When we got home I pulled it out and put it up on the windowsill, not quite sure what to do with it. Even whole I would not know what to do with it haha. And each time I looked at it throughout the week I felt a pang of bitterness that I paid full price for such a broken item.
I was doing the dishes a few days ago and looking at the odd little figure and it suddenly hit me that this was such a parallel to our journey with our children. As society we assign value to whole, perfect, and typical. The slightest blemish on an item and we expect to see it sent to a clearance bin or taken to a manager for a price reduction. Our eyes no longer see it’s worth or value.
I thought of my two beautiful boys, each with their own blemishes and differences. Each with spots of damage speckled in their brains. Each with whole body issues because of this brain damage. Each with layers upon layers of diagnoses. Many look at them in the same way I look at this figurine…less than and damaged.
But God has taught me through each of their testimonies that there is so much unique beauty in the broken. The things we deem as broken God sees as uniquely and wonderfully made. Sometimes God’s creations don’t look like the rest on the shelf, but it is through those pieces that stories full of God’s goodness can be written.
We were created in God’s image. Not his physical image, but rather a reflection of His character, His qualities, and His goodness.
I am going with a well known verse for this evening’s devotional thought:
13 For You created my innermost parts;
You wove me in my mother’s womb.
14 I will give thanks to You, because I am awesomely and wonderfully made;
Wonderful are Your works,
And my soul knows it very well.
15 My frame was not hidden from You
When I was made in secret,
And skillfully formed in the depths of the earth;
16 Your eyes have seen my formless substance;
And in Your book were written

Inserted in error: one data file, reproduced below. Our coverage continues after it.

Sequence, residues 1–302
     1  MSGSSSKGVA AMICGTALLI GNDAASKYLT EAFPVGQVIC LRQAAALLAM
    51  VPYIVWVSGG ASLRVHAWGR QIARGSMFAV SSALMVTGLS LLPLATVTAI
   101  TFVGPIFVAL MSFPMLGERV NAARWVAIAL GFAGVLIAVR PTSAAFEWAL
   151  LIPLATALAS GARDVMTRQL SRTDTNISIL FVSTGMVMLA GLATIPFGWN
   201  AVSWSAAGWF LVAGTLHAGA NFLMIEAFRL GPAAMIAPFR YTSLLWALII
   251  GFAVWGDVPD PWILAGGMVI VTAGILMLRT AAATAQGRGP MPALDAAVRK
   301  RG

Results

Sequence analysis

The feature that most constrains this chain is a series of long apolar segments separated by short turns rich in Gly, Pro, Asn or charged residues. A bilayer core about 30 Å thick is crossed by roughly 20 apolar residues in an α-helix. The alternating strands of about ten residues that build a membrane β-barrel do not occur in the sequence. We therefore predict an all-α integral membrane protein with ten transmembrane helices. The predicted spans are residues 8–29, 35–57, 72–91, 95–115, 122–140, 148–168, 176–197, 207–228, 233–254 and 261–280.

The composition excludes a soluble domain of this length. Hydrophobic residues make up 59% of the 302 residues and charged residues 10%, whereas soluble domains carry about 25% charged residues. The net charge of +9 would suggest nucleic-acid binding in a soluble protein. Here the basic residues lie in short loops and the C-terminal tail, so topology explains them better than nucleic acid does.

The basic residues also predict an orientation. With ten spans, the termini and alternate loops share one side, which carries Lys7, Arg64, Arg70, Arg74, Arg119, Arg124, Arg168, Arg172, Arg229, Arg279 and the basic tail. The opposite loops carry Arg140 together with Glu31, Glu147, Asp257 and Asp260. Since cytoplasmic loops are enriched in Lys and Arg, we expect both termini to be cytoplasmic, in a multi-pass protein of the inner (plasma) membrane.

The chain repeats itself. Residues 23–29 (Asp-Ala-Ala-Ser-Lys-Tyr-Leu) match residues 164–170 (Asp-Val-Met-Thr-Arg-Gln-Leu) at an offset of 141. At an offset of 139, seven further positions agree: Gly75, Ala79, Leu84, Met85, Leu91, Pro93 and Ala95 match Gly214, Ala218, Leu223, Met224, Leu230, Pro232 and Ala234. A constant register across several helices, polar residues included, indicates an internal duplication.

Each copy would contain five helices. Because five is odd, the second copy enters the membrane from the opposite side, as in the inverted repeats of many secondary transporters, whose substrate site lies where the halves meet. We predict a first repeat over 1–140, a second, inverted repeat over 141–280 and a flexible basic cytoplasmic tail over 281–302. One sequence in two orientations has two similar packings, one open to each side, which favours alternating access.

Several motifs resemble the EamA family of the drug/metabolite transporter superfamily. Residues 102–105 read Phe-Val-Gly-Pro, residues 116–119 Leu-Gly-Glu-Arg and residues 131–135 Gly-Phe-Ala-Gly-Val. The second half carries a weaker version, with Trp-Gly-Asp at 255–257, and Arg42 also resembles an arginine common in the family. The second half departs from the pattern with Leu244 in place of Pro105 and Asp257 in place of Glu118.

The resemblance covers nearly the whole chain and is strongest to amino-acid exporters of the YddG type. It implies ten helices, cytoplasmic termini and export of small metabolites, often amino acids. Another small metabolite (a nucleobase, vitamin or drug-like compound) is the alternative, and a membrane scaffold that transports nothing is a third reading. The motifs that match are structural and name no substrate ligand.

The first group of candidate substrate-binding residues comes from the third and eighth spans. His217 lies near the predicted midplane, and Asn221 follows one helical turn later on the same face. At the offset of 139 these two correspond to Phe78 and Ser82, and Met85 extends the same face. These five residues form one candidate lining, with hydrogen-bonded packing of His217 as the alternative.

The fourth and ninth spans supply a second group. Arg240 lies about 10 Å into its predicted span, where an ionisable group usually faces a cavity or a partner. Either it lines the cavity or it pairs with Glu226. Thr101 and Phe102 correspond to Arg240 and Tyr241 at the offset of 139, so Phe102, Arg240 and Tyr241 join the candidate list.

All the days that were ordained for me,
When as yet there was not one of them.
17 How precious also are Your thoughts for me, God!
How vast is the sum of them!
When I read these verses and apply my son’s names into the pronouns I find myself feeling ashamed for mourning over their differences. Yes, it was something I never expected to receive- I expected whole and perfectly formed and functioning. But God formed my children and their differences were also skillfully formed…which means they are perfectly imperfect. And He made them in His image, to bring Him glory and honor. Why do we place so much emphasis and value on the seen qualities?
I know by now you are likely rooting for the random Hobby Lobby bathroom man mascot that sits on my windowsill. I can’t promise you that he will find a home here, but I can promise you that God intended to use him to remind me that His eyes and my eyes don’t share the same vision. And just like the creepy figurine in my window, my children have been gifted with journeys and stories that leave the fingerprints of God wherever they go. What a blessing a life full of God’s fingerprints can be.
This week my heart and eyes are set on looking for the imperfect things in this world and seeing their God given value, as hard as that can sometimes be.